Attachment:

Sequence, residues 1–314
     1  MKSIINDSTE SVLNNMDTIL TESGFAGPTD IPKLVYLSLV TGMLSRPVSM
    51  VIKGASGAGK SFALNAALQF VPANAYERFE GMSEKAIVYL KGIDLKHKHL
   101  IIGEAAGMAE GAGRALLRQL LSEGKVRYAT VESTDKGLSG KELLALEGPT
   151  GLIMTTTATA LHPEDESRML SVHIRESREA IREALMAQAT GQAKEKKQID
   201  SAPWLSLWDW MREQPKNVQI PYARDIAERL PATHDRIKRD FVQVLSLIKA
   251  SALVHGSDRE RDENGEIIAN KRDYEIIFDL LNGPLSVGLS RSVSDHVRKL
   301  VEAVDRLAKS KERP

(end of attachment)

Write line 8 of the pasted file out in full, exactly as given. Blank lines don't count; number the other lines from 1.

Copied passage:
   301  VEAVDRLAKS KERP